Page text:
The rhythm had some off-beats here and there. Personally, I associated them with Cameron’s POV. She was a bit hard to stomach, even though she is definitely the no-bullshit type. Progressively, I learned to like her, but the reason why I cut down on the rating is partly thanks to her as well. The other motive is the fact that Mare’s imprisonment to Maven, although seductive and psychologically-embedded, was slow-burning in a frustrating way, grating on my nerves for the lack of action. It was like I was simultaneously wasting away along Mare, unable to speed up the process.

The ending of this book left my heart in shambles, because I saw it coming miles away. Didn’t lessen the pain though. It leaves the story at a precarious tipping point, a crossroads of a sort, with certain revelations confirming what I’ve been dreading: the last book will equate to death. As a dedicated fangirl, I fear for my mental stability after the next installment closes the story.

King’s Cage is a great follow-up in a thrilling and exciting series. The story of this novel will have resounding echoes in the last book (ohmygodjustonemorebook). The grand, masterful blend of action and politics and romance had my head spinning, awed, and the characters infuse a unique vibe to an already mesmerizing mix of dystopia and fantasy. I cannot recommend these books enough.

ENJOY!

King's Cage [PDF] [Epub] [Ebook Gratuit]
Daisy Jones & the Six A Novel PDF

Download Daisy Jones & the Six A Novel PDF

This is one for music fans everywhere from Taylor Jenkins Reid, a multilayered fictional documentary of a fictional legendary rock band set in the music scene of California and LA in the 1960s and 1970s. This is to be turned into a TV series on Amazon by Reece Witherspoon, and I must add that though the accounts given in the narrative are pure fiction, it nevertheless feels atmospherically real in its echoes of actual bands from this era, say perhaps the likes of Fleetwood Mac. Billy Dunne is the leading light of an up and coming band The Six, going off the rails with his wild behaviour when he learns that his girlfriend is pregnant.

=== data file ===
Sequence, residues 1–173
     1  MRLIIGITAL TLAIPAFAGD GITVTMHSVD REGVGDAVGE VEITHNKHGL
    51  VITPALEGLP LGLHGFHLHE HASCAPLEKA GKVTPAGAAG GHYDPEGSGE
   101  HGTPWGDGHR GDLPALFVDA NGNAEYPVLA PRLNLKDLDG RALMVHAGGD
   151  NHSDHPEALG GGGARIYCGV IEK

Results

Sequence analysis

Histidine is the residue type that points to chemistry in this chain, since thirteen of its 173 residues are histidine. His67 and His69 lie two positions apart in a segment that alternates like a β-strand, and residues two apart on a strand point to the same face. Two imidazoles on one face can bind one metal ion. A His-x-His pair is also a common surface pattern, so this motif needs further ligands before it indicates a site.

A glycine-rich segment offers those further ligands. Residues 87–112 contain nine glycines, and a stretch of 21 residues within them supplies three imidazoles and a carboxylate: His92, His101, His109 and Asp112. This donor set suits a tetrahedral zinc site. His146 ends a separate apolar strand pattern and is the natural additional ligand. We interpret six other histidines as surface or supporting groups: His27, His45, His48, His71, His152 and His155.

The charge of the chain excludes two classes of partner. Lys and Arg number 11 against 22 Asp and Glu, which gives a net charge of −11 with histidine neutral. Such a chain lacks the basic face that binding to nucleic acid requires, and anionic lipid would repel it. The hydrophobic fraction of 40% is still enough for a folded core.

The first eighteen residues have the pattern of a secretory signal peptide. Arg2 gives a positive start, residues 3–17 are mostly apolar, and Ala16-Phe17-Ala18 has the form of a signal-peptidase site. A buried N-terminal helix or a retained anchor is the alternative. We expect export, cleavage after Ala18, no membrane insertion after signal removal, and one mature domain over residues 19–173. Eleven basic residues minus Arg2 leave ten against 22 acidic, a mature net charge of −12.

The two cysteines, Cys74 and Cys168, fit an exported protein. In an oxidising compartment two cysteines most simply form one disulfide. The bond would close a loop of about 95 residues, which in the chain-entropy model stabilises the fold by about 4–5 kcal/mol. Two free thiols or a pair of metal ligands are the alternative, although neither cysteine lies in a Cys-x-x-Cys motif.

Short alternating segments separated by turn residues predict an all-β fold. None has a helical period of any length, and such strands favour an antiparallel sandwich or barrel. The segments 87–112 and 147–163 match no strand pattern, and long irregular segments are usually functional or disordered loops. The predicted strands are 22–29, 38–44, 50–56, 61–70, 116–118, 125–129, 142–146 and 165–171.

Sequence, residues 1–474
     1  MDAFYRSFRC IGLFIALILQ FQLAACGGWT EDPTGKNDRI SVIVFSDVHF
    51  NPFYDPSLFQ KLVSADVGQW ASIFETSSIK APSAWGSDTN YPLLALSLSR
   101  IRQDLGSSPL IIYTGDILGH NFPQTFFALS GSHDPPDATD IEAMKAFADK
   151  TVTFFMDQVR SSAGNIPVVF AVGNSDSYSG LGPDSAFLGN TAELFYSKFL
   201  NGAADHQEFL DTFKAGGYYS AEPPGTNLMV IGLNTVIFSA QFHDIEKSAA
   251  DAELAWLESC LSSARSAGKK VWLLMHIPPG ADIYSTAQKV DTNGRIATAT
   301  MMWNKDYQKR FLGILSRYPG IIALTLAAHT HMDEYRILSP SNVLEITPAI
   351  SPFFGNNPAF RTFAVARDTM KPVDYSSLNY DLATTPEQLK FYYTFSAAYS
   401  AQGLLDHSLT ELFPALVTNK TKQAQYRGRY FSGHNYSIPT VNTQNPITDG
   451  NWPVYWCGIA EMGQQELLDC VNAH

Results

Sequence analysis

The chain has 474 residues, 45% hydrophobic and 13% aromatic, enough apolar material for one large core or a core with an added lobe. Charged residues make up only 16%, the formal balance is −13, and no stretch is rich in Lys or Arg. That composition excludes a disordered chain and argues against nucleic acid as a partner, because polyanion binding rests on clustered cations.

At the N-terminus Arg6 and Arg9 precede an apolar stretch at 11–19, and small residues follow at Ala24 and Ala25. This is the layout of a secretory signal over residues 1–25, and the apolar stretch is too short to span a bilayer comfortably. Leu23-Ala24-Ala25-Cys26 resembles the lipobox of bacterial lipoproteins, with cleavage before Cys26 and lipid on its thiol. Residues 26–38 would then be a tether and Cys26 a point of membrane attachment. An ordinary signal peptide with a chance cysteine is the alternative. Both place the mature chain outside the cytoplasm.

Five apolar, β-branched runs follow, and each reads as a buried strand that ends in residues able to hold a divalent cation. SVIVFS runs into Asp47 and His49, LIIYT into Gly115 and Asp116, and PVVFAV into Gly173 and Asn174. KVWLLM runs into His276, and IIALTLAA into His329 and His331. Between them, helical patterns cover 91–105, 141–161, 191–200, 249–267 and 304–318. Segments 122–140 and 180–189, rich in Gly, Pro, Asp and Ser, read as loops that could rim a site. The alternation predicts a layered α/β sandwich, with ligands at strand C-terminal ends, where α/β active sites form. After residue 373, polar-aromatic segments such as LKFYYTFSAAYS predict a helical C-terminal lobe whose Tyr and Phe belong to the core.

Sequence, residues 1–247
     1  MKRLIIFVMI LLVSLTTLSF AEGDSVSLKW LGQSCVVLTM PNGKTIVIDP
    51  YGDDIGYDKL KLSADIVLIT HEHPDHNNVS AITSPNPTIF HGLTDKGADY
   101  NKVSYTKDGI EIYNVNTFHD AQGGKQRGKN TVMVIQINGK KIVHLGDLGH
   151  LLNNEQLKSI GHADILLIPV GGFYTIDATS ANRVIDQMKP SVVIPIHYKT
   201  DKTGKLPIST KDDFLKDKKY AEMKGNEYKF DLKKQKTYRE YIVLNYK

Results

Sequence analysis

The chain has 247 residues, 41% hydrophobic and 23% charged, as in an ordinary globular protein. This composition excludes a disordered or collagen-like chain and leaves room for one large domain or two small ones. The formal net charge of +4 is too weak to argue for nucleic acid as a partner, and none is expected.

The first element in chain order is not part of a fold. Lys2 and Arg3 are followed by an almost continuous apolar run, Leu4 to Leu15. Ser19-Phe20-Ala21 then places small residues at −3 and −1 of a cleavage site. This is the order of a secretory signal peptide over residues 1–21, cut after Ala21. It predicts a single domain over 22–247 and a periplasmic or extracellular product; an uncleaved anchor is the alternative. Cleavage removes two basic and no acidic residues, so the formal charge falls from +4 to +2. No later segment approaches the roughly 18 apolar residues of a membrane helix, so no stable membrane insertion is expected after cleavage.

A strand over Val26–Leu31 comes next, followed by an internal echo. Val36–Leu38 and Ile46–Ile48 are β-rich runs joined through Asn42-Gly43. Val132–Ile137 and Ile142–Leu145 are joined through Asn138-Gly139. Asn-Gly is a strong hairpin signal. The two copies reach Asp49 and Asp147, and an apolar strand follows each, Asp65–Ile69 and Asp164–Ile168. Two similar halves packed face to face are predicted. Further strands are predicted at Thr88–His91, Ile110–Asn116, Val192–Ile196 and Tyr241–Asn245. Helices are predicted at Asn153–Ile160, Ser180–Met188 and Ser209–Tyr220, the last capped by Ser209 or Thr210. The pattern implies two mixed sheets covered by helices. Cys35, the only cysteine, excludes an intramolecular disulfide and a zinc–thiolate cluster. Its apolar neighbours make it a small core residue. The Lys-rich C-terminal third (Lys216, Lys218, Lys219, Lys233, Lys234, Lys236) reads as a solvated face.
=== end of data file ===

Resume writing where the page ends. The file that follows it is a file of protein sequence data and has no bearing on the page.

The young, beautiful, captivating and unapologetic Daisy Jones has oodles of musical talent and a distinctive voice which gains an army of admirers. Daisy Jones and The Six join forces that results in an explosive emotional roller coaster of a ride that consolidates their near mythical musical status in musical history. The rise and fall of the band is voiced through the differing perspectives of the band and those close to and around them.

Much of the narrative is delivered through the form of interviews and it becomes clear that not everyone has the same memories of events with their different perspectives.

I came to appreciate the superb complicated characterisation and the relationships, with the flawed, destructive and damaged characters, so very vulnerable, feeling spine tingling real in their authenticity. Reid provides insights and observations of love, loss, cheating, drug addiction, heartbreak, passion and fraught times intermingle with the creative musical inspiration and spellbinding performances.

This is an intelligent evocation of this specific period in time and place, the music and an unforgettable rock group of its time. It is an absolute treat to read, I loved the songs and lyrics within it and I have no doubt that this book will prove to be highly successful. Looking forward to the TV series of this.

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When All Is Said Anne Griffin PDF

When All Is Said Anne Griffin PDF
Download When All Is Said Anne Griffin PDF

This is an exceptional, undeniably Irish, debut from Anne Griffin, the prose is effortlessly engaging and it is simultaneously heartbreaking and life affirming as we get intimately acquainted with the life and times of 84 year old Maurice Hannigan. Hannigan has packed up his life, leaving no loose threads prior to booking the most exclusive suite at the Rainsford House Hotel. Early on, we cotton on to how the night will end, but before that, Maurice settles in for an evening at the hotel bar to raise a toast for the five most important loves of his life. They are Tony, his brother, Molly, his daughter, Noreen or Auntie No-no, his son, Kevin, who emigrated to New Jersey, USA, becoming a notable journalist, and lastly, but of the most vital importance, his wife, Sadie.